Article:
MB Financial in Chicago saw its earnings dip thanks mainly to costs associated with its acquisition of Taylor Capital Group.
The $640 million merger between the two Windy City banks was originally set to close in the second quarter, but regulatory issues related to a deposit relationship at Taylor's Cole Taylor Bank delayed the deal. It closed Aug. 18.
The $14.5 billion-asset company reported net income of $6.9 million, a 71.7% year-over-year decrease, with the decline largely driven by $27 million in merger-related expenses.
Earnings per share adjusted for generally accepted accounting principles were $0.08, ten cents below an average of estimates by analysts polled by Bloomberg. Non-GAAP earnings were $0.55, above the $0.44 averaged estimate.
Despite the decline in earnings, the company saw substantial improvements in its revenue streams.
Net interest income increased by 38.8% from last year, to $95.6 million. That number also represents a 40.5% increase since the previous quarter, before completion of the merger. The net interest margin increased by 12 basis points, to 3.78% from a year earlier.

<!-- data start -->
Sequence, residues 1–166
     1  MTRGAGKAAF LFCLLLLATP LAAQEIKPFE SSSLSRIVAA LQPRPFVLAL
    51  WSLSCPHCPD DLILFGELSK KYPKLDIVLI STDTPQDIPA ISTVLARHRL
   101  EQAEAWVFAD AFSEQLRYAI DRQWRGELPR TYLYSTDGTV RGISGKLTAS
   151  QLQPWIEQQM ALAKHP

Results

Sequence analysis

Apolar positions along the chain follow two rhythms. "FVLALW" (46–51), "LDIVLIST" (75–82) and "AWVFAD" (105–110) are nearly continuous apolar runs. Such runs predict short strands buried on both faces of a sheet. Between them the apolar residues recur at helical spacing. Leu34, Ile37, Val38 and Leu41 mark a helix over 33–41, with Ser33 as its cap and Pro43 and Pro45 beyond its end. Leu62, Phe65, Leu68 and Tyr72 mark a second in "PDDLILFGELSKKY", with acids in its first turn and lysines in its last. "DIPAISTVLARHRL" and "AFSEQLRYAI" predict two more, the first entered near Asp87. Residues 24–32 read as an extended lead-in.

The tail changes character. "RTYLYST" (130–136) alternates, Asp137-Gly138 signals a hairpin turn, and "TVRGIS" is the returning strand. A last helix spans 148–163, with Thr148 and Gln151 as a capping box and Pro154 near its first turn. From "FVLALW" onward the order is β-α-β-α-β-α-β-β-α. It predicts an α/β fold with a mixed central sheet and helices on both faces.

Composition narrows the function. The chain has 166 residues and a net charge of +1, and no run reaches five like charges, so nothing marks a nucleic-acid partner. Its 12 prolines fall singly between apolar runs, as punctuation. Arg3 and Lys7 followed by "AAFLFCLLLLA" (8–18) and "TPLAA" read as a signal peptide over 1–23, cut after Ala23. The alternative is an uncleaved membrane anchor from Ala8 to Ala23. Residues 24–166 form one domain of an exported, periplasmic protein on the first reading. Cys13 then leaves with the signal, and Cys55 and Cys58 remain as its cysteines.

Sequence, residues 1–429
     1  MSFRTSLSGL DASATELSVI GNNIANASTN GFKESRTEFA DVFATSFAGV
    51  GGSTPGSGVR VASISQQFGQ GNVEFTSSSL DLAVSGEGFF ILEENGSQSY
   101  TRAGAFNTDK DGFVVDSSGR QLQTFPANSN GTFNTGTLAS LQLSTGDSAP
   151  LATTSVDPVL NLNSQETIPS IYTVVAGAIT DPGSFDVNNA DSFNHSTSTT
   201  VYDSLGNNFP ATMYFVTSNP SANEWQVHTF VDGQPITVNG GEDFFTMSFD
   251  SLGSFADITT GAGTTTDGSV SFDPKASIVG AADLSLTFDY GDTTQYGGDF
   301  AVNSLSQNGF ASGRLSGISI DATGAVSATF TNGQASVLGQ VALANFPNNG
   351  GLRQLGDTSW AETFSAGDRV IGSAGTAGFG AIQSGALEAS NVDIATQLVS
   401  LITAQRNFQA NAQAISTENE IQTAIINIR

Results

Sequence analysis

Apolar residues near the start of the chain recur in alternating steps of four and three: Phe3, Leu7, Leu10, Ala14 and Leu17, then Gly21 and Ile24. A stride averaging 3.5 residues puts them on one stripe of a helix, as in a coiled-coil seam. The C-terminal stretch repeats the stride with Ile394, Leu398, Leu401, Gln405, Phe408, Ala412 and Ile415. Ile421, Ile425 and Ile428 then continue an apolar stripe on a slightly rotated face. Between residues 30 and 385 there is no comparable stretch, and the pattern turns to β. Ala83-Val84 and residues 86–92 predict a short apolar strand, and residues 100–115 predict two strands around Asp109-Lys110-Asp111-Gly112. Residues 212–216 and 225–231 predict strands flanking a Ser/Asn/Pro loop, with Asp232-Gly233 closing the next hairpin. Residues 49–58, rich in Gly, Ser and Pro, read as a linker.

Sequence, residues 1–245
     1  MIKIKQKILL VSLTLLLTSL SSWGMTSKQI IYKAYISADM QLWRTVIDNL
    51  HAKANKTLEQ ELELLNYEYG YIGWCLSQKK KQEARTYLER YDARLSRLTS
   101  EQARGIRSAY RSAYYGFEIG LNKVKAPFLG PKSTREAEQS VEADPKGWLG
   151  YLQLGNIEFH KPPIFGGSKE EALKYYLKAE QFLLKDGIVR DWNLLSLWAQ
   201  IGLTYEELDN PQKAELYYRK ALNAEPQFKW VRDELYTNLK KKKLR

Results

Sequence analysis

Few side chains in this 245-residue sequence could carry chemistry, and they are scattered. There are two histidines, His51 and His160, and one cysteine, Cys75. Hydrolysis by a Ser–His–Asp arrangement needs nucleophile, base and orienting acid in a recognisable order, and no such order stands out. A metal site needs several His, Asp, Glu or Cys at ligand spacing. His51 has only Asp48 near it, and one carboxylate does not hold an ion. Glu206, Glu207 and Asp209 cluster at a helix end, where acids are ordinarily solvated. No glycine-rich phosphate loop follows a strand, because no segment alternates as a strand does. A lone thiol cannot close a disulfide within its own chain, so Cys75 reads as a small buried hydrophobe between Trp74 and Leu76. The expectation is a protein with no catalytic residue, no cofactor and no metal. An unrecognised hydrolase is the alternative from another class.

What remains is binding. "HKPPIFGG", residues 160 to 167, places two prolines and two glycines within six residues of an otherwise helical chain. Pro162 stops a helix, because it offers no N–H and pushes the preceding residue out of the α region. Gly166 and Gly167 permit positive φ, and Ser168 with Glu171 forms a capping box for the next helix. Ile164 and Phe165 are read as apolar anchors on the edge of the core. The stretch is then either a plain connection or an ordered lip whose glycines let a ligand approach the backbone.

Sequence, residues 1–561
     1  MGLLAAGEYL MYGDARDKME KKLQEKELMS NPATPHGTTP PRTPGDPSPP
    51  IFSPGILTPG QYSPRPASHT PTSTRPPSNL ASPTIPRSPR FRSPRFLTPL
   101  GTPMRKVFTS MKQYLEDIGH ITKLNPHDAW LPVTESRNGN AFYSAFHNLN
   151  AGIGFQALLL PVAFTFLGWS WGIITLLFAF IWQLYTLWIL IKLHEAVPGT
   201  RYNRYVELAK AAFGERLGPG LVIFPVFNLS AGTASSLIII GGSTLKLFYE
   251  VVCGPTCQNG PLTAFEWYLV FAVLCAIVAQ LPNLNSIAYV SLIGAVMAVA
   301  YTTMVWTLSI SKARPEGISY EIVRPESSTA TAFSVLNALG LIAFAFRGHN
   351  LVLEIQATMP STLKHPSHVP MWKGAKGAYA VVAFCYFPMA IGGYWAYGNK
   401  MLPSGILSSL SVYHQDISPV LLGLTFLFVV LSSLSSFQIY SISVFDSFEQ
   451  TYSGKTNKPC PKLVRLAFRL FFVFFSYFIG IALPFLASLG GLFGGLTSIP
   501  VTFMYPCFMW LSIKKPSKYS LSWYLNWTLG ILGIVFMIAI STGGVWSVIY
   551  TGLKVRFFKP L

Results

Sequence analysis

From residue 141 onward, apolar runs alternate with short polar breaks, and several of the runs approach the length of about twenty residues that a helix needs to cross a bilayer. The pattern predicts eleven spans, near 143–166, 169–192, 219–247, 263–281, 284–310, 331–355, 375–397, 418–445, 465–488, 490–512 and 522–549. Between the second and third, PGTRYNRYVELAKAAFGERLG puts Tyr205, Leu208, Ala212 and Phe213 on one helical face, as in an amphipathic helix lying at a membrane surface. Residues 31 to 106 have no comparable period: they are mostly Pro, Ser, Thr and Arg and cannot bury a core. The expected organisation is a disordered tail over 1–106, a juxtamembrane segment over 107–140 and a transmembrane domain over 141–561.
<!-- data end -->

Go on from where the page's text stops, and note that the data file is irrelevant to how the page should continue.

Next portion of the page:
Year-over-year noninterest income increased by 61.8%, to $61 million, post-merger, though on a linked quarter basis noninterest income rose 53.1%. Higher mortgage banking revenues led the improvement in fee income. Such revenues totaled $16.8 million, compared to $177,000 a year earlier. MB has historically not been a major mortgage lender, but it was a significant source of revenue for Taylor. Initially, MB gave Taylor the option to sell the mortgage unit prior to the closing of the acquisition, but a deal to sell the unit never materialized.
Noninterest expenses were $104.5 million, up 35% after the merger.
Loans, excluding those covered by loss-sharing agreements with the Federal Deposit Insurance Corp., were $8.7 billion at the end of the quarter, compared to $5.4 billion in the second quarter. Legacy loans at MB were essentially flat from the previous quarter and were up 2.52% from a year earlier.